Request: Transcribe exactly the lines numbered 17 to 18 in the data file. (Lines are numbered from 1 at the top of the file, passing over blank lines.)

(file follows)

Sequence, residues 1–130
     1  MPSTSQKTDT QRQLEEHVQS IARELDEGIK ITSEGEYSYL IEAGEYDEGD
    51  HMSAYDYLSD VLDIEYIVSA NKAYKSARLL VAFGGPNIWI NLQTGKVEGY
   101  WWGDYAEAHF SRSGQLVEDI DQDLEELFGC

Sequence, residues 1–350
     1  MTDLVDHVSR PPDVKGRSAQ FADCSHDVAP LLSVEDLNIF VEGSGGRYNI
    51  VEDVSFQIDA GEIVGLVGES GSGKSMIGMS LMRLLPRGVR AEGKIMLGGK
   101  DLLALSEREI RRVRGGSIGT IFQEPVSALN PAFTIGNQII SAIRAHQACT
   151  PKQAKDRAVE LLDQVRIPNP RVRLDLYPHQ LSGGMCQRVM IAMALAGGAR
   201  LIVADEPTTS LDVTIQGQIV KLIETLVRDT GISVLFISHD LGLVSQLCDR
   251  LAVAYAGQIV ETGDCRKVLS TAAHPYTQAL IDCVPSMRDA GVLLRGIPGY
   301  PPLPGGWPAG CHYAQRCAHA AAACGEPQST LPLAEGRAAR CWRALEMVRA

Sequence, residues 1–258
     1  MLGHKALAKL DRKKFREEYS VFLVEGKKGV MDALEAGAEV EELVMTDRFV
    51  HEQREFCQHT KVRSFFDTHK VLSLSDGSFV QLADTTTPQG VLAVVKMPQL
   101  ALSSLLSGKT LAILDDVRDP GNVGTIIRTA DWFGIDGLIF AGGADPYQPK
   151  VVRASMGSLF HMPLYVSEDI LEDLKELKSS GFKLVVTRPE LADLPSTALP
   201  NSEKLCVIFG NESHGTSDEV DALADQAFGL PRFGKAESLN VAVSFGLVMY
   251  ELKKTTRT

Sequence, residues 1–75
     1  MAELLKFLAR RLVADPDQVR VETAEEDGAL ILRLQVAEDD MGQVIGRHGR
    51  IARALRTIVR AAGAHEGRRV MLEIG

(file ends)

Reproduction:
   151  VVRASMGSLF HMPLYVSEDI LEDLKELKSS GFKLVVTRPE LADLPSTALP
   201  NSEKLCVIFG NESHGTSDEV DALADQAFGL PRFGKAESLN VAVSFGLVMY